The association allows members to select medical, dental and vision care benefit plans at discounted rates and a series of voluntary benefits that include accidental death insurance, long-term care insurance, and an employee assistance program. The program also provides health-related discounted services as well as retail and entertainment discounts.

Larger employers have more options for both plan design and risk financing, Cleary says.

Increasing numbers of employers are providing more plan options to employees, or at least a dual plan design option, featuring a traditional preferred provider organization (PPO) with moderate deductibles and co-pays, and a less expensive health savings account (HSA) combined with a high-deductible health plan.

The HSA model calls employee attention to health spending and provides incentives for containing costs with better health consumer choices. Haylor, Freyer & Coon can help its clients design and implement the new programs and also can support them with employee education. "For account-based plans to be effective, employees have to understand the costs of high utilization and the value of prevention," Cleary says.

Larger employers also tend to self-fund all or a portion of their health risks, which makes them very sensitive to claims costs, he adds. Some employers purchase stop-loss insurance to offset the risk of large claims, but some public sector employers completely self-insure, creating pressure to manage claims more effectively and incent employees toward more healthful lifestyles. The agency has assisted these public sector employers with health care coalitions that help negotiate medical network discounts and support more effective claims management.

For its largest employer clients, the agency is also developing a practice in employee benefits captive insurance companies to provide alternative risk financing, Freyer says. "We have a lot of experience with captive insurers for property/casualty risk management needs, but now captives are providing an alternative for larger clients that are willing to take a risk management approach to their employee benefits costs."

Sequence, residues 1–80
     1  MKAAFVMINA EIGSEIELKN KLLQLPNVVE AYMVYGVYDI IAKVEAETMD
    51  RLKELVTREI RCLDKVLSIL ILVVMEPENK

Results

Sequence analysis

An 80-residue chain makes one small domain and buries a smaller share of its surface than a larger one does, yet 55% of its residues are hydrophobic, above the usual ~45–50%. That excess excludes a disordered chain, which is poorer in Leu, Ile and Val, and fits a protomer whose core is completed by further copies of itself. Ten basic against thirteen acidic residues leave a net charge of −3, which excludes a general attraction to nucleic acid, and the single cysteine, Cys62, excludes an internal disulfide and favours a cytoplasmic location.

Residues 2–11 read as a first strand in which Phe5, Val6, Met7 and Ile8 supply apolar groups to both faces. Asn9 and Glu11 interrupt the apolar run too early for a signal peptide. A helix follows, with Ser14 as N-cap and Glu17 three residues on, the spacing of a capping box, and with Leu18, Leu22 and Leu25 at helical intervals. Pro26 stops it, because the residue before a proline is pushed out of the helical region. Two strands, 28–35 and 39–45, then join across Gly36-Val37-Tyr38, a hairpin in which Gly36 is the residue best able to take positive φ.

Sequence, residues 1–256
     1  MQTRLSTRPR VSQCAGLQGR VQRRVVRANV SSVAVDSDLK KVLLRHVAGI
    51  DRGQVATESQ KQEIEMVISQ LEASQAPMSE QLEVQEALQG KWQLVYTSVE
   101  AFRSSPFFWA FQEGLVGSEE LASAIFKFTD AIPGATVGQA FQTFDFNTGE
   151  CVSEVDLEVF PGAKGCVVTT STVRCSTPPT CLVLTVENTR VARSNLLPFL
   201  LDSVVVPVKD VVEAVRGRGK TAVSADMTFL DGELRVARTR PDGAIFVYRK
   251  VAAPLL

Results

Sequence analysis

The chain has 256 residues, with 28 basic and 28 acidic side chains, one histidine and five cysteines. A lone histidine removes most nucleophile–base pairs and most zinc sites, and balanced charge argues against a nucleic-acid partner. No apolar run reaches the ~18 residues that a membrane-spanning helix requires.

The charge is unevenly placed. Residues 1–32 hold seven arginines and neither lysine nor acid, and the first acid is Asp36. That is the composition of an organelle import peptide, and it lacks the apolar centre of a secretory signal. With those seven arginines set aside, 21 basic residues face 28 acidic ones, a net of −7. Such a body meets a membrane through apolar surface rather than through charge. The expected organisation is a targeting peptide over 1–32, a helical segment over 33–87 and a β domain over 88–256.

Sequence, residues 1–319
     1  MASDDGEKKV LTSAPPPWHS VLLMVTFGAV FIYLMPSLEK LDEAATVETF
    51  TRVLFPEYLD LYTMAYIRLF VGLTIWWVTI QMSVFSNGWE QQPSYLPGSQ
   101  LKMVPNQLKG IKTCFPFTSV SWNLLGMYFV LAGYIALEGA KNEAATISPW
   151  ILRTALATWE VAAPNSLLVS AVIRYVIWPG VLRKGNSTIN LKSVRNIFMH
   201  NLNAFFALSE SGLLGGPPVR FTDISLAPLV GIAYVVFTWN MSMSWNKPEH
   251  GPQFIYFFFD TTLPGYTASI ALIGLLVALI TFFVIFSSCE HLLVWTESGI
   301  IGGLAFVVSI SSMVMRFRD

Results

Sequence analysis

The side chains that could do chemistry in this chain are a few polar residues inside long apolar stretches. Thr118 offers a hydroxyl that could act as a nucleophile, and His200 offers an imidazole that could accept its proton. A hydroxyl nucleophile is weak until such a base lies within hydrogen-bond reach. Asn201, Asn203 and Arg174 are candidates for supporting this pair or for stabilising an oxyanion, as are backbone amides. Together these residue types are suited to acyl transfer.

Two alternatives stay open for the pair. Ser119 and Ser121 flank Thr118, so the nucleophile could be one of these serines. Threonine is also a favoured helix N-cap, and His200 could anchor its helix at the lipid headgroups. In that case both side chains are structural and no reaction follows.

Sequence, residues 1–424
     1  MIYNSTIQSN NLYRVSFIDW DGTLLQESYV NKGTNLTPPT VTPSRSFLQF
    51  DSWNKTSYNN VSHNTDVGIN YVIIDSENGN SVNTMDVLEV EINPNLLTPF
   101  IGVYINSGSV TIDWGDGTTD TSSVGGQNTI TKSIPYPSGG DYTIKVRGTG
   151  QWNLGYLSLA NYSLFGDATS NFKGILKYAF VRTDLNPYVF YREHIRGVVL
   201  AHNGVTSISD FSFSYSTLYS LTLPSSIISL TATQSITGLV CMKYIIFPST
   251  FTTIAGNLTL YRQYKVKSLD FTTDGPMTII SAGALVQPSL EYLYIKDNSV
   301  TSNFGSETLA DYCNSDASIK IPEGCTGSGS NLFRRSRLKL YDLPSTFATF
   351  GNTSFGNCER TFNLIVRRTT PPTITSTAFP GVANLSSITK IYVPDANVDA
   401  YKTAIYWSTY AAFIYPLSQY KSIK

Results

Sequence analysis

Tony Cabana, assistant vice president in the employee benefit operations, also points to the agency's comprehensive service as a key differentiator. Benefits producer/consultants lead the plan design strategic discussion and account managers execute the day-to-day tactics of employee benefit management, he says. The agency's in-house human resources consultant assists with state and federal compliance and required tax reporting.

Specifically, account managers provide claims management and analysis on a monthly and a quarterly basis to identify cost drivers for more effective renewals and rate negotiations—tracking co-pays and deductibles for employees with account-based health plans and managed pharmacy benefits, and managing strategic initiatives such as wellness and health risk management programs.

The agency creates an annual benefits review that employers can use to compare their performance with national benchmarks and a stewardship report to document the agency's performance.

Cabana says good analysis leads to more sophisticated decision-making. "Most employers are still looking for ways to manipulate co-pays and deductibles or adding layers of managed care such as pharmacy benefit management. But someday the dam will break and these techniques will have reached their limit in their ability to moderate costs."

A more strategic approach to bend the trend is wellness, and Haylor, Freyer & Coon provides leading wellness program support. A certified wellness coach assists employers in designing and executing wellness programs, Cabana says, and more employers than ever are choosing to sponsor wellness programs that range from education and health training to comprehensive health risk management biometric screening and incentive programs.

"The commitment to wellness varies from company to company," he says. "You can't just sell an off- the-shelf wellness approach and expect to meet the distinctive needs of each employer."

The programs can evolve slowly, he adds. "It takes time for employers to design and implement the plan they want and years before they can see results in their claims costs."

Many employers begin their wellness efforts with education programs, he says. An increasing number of clients are also turning to more formal health risk assessments and biometric screening that can reveal undiagnosed health issues such as hypertension or diabetes.

The agency provides a wide range of support materials, including Webinars on disease prevention. A recent Webinar focused on preventing skin cancer in preparation for summer outdoor activities.

"Wellness is more than a cost containment tactic," Cabana says. "You can literally save a life."

The author

Len Strazewski is a Chicago-based writer, editor and educator specializing in marketing, management and technology topics. In addition to contributing to Rough Notes, he has written on insurance for Business Insurance, Risk & Insurance, the Chicago Tribune and Human Resource Executive, among other publications.